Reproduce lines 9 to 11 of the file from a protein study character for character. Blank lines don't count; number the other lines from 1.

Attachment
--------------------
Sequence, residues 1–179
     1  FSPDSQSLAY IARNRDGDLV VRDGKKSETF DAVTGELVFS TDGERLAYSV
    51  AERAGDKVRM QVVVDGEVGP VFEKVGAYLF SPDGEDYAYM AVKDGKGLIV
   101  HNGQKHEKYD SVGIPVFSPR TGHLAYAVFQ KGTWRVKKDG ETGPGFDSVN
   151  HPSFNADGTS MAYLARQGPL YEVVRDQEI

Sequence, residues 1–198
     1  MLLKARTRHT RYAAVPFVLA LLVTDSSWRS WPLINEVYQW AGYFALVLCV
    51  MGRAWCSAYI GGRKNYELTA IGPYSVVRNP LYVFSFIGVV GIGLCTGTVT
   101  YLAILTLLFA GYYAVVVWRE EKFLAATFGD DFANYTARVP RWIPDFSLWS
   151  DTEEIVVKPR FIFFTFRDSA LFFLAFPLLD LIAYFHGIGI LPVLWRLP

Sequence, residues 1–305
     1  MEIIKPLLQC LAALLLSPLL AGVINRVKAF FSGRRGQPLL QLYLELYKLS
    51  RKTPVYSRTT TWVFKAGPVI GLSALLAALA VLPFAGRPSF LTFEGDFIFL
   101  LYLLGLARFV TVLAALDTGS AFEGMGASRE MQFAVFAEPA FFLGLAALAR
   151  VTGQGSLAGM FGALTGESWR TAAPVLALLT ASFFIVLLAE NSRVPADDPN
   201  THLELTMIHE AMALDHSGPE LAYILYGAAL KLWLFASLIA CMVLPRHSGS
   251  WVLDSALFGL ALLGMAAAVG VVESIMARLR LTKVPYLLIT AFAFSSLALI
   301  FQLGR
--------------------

   101  YLAILTLLFA GYYAVVVWRE EKFLAATFGD DFANYTARVP RWIPDFSLWS
   151  DTEEIVVKPR FIFFTFRDSA LFFLAFPLLD LIAYFHGIGI LPVLWRLP

Sequence, residues 1–305